Is my Jeep too heavy?

MattJ

Adventurer
My 2016 Rubicon weighs 5,800 pounds without any people or cargo in it. The 5,800 pounds includes half a tank of gas, my five 35" tires, AEV bumpers, skid plating, roof rack, roof top tent and other accessories. I have an AEV 3.5-inch DualSport SC suspension system with frequency-tuned, progressive rate springs, Bilstein 5100 shocks and the AEV high steer kit. My questions:

1) If it is too heavy, what are the risks? Bad gas mileage and worn-out brakes for sure, but what else?

2) Once a vehicle becomes too heavy, what are the solutions? Swap to a more powerful engine and different axles?

I know there are plenty of experts on this forum, and I am really curious about this. Thanks!





 
Last edited:

ducktapeguy

Adventurer
My 2016 Rubicon weighs 5,800 pounds without any people or cargo in it. The 5,800 pounds includes half a tank of gas, my five 35" tires, AEV bumpers, skid plating, roof rack, roof top tent and other accessories. I have an AEV 3.5-inch DualSport SC suspension system with frequency-tuned, progressive rate springs, Bilstein 5100 shocks and the AEV high steer kit. My questions:

1) If it is too heavy, what are the risks? Bad gas mileage and worn-out brakes for sure, but what else?

2) Once a vehicle becomes too heavy, what are the solutions? Swap to a more powerful engine and different axles?

I know there are plenty of experts on this forum, and I am really curious about this. Thanks!
I'm not an expert, but just my opinion. In worst case scenario.

1. The increased risk to anything related to starting, stopping, and moving. Bad gas mileage and brakes are probably the most minor. Added weight puts more stress on the engine, drivetrain, suspension, brakes, and almost any other moving part of the vehicle that probably weren't designed for it. Engine components will wear quicker, stopping distances increase, handling suffers. Springs will weaken faster, Bushings will wear down sooner, axles might twist, transmission may overheat or clutches burn out, shocks mounts might break, etc. Anything that moves were designed for a certain load + some overhead for a safety factor. Increase that load too much and you run the risk of breaking.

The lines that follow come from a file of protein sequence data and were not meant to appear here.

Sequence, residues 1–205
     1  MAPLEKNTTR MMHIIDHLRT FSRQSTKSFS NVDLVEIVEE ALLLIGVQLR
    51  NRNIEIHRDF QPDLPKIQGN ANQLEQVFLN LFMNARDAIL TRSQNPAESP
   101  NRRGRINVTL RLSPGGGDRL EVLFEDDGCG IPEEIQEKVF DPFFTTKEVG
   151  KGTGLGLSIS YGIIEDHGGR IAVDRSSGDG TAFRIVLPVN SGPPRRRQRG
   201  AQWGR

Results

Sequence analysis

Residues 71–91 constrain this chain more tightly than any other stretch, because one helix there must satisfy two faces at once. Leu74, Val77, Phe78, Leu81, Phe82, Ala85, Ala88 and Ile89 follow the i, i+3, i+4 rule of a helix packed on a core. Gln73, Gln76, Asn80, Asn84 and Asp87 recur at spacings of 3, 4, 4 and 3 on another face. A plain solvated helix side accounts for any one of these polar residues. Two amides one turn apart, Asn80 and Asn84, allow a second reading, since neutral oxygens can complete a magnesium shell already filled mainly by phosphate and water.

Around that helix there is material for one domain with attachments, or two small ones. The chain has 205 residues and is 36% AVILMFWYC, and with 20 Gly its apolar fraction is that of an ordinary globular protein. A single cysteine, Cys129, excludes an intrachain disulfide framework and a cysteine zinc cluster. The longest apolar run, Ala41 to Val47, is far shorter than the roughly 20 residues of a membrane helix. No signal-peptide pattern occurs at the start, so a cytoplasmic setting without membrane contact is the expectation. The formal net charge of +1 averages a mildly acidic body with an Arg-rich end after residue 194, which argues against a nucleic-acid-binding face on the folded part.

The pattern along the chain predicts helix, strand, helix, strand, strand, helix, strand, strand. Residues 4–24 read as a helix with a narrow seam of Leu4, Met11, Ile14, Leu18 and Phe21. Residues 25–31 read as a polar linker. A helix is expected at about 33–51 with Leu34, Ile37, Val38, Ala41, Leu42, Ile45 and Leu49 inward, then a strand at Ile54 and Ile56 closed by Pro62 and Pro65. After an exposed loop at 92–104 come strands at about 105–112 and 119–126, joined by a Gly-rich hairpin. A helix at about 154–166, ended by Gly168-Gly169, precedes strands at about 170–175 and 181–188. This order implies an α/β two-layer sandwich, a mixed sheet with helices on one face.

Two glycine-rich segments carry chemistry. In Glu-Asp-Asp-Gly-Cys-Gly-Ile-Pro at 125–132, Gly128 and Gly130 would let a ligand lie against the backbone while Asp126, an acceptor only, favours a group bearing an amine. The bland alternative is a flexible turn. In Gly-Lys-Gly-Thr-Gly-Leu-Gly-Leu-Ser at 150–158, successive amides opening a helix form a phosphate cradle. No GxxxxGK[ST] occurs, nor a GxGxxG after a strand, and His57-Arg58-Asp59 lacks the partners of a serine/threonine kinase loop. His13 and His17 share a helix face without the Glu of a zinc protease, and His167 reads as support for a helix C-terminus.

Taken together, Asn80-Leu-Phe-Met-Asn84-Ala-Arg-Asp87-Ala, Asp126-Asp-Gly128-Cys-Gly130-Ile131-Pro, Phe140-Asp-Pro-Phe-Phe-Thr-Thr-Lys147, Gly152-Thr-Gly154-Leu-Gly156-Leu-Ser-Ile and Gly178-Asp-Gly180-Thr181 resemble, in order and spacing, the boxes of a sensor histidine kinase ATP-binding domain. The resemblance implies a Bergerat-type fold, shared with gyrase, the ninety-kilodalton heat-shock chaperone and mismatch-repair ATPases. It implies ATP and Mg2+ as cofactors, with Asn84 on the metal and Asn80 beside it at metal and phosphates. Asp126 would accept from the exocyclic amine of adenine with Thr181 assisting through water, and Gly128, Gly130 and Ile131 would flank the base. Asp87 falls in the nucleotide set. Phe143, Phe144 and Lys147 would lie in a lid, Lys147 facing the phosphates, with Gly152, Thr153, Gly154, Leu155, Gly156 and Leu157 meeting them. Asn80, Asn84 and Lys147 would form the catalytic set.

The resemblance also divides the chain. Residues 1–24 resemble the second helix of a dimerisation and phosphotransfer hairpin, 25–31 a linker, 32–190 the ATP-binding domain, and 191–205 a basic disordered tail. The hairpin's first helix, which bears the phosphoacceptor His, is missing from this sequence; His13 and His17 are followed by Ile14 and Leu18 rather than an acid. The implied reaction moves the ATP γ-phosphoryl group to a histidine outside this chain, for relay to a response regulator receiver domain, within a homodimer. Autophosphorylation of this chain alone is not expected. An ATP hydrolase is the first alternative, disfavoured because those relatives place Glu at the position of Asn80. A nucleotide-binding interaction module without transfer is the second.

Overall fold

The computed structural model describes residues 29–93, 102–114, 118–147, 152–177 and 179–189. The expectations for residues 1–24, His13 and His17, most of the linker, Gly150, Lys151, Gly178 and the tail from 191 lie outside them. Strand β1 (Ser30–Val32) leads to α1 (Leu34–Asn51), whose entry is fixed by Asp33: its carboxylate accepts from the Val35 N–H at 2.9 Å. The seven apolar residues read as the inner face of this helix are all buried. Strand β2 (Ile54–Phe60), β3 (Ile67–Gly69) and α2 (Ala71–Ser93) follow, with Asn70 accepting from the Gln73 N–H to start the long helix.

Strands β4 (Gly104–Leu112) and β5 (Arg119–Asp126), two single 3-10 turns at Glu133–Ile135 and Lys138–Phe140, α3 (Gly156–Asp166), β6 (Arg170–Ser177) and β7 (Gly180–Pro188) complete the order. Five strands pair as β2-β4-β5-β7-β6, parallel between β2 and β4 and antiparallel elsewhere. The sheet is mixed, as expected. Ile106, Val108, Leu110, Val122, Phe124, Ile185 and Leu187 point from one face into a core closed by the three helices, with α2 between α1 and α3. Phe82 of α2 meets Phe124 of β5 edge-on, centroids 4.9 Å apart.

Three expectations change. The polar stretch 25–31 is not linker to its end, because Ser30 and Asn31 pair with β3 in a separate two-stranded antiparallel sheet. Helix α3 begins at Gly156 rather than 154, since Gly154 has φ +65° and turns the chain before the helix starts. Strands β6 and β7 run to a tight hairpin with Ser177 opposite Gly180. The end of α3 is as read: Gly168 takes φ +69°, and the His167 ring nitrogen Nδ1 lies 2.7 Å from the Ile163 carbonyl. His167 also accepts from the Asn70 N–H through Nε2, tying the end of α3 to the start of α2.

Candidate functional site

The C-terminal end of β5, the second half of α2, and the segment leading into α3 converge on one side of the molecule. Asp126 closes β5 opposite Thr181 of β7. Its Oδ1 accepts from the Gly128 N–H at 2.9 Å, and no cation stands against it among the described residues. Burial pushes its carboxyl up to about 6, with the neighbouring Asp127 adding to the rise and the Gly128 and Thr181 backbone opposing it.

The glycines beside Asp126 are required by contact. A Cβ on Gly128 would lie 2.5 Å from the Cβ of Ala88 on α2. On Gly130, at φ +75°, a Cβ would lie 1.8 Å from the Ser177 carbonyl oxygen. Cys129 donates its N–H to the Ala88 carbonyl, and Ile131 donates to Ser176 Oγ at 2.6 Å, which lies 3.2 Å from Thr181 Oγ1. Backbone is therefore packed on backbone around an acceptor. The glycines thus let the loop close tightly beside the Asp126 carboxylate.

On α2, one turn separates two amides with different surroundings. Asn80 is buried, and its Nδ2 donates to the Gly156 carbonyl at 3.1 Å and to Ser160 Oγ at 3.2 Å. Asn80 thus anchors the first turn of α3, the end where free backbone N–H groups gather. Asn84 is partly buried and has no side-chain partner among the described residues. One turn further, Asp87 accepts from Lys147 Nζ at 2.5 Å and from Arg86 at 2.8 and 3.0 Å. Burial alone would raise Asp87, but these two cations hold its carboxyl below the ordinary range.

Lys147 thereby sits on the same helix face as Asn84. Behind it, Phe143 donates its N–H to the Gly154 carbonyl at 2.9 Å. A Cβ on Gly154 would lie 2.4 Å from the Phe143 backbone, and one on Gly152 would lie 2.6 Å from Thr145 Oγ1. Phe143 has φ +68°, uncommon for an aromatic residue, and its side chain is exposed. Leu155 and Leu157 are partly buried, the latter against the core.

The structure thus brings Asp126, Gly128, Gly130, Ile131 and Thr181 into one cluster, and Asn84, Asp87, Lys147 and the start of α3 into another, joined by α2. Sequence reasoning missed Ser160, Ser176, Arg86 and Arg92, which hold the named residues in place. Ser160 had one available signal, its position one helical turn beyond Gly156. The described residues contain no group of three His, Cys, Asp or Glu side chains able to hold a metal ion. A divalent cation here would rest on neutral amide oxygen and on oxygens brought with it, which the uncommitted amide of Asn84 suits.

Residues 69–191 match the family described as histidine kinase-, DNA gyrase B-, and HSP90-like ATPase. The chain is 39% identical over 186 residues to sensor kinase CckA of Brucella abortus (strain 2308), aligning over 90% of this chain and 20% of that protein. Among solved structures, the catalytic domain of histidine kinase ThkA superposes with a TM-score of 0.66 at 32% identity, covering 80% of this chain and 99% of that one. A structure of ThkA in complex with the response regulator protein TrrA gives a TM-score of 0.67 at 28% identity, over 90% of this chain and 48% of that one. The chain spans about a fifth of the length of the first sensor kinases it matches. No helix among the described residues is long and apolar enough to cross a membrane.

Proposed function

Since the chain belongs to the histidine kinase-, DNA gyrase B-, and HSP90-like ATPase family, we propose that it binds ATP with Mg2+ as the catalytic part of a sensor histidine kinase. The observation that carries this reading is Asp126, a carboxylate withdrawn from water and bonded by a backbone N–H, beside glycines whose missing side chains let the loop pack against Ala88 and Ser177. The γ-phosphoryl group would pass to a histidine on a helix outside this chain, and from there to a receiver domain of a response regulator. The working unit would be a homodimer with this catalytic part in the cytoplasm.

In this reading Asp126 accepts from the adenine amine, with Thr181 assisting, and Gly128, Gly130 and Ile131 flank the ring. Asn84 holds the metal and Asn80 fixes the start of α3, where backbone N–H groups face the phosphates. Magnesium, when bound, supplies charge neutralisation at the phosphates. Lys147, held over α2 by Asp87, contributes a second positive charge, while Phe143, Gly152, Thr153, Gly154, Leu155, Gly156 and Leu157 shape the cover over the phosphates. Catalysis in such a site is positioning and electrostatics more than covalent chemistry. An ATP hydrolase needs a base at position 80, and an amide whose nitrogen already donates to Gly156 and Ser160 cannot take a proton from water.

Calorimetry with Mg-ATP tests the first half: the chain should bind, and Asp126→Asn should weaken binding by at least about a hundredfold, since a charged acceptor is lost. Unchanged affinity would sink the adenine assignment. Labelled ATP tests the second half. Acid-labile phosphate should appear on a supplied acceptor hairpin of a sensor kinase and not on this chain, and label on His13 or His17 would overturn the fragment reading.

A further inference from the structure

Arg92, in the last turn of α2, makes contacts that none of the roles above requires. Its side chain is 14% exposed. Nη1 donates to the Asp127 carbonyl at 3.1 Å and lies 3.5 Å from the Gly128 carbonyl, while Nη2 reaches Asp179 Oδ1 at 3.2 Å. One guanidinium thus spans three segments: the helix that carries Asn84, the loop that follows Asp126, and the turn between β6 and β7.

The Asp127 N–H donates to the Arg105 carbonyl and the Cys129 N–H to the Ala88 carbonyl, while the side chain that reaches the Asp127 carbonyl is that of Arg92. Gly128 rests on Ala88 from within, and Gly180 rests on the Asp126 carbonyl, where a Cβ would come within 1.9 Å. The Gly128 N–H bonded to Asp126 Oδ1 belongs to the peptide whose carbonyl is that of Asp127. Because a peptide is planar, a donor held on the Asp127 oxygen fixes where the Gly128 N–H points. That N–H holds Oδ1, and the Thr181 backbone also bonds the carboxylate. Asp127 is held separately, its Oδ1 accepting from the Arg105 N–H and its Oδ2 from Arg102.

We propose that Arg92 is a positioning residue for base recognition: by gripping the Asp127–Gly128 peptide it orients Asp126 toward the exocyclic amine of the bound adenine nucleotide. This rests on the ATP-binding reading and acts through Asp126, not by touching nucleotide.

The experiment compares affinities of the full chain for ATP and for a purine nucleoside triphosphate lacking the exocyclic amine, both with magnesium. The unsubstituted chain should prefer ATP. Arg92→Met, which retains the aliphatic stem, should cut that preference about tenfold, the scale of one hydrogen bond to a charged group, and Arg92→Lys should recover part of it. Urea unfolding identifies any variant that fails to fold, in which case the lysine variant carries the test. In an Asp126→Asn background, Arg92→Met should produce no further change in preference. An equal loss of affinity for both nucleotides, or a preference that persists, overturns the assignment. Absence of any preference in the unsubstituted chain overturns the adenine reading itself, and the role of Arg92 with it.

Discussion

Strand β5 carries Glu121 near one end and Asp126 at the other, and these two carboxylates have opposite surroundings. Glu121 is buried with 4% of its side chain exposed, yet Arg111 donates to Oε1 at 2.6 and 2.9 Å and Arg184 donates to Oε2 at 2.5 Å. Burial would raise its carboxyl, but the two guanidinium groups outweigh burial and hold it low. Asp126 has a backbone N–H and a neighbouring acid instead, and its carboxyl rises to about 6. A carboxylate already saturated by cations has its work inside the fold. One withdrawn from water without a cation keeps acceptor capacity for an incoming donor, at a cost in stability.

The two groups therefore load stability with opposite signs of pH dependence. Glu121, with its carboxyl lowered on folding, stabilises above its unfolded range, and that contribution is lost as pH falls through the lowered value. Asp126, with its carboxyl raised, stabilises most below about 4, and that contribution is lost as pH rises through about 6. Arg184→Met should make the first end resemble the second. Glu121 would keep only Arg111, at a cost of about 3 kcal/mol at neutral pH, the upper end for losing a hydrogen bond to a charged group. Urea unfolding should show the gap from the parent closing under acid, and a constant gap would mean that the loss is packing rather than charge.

2. You can upgrade certain parts to be stronger, which ironically will just make your rig heavier. But all you're doing is pushing the weak link down the line somewhere. The added stress still goes somewhere. Bigger engine can deliver more power, but now your axles need to be upgraded to handle it. Stronger axles can fix that, but now the driveshaft is the weak point. Fix the driveshaft and now it's the transmission, and so on. Eventually after upgrading everything, it might be the frame or connections that become the weak point, and short of rebuilding the entire jeep there's not much you can do about it. Not saying all that is going to happen at once, but all that weight just pushes you closer to failure somewhere.

Easiest thing is to lose weight. You're almost 30% over stock weight, just by having stuff bolted on without anything else inside. If you think about it, that nearly the weight of another small car, bolted onto your jeep. I know in the offroading world everybody wants things overbuilt, but IMO it can get out of control. I've never understood the big heavy bumpers bolted to frames that are probably half as strong as the bumper itself. It's like putting a vault door on a chain link fence. I've started looking at the weight of all the accessories I add to my car, because in most cases the added weight only has a negative effect. It's hard because you don't tend to think too much about it when it's the car carrying it and not you
 
Last edited:

Recommended books for Overlanding

National Geographic Road Atlas 2021: Adventure Edition [U...
by tional Geographic Maps
From $22.46
Long Way Down: An Epic Journey by Motorcycle from Scotlan...
by Ewan McGregor, Charley Boorman
From $40

MattJ

Adventurer
What's the big tube for?
It's a conduit carrier that I use to carry extra gear when I take my kids fishing and camping. I call it my "bazooka cargo tube". There's usually no room left in the Jeep for my own gear once the kids finish packing the cargo area . . .







 
Last edited:

leelikesbikes

Adventurer
Wow, that's heavy, my Dodge 2500 hemi standard cab weighs 5900 with Carli suspension and 37" tires, 12k winch.
They need to put a bigger engine in those things from the factory.
 

EMrider

Explorer
I did one trip with my Jeep overloaded. Three kids, maxed cargo area and cargo bags on the roof. Won't do that again. Poor handling and just not safe. If you need or want to roll that heavy in a Jeep, buy a cargo trailer.
 

Outside somewhere

Overland certified public figure brand ambassador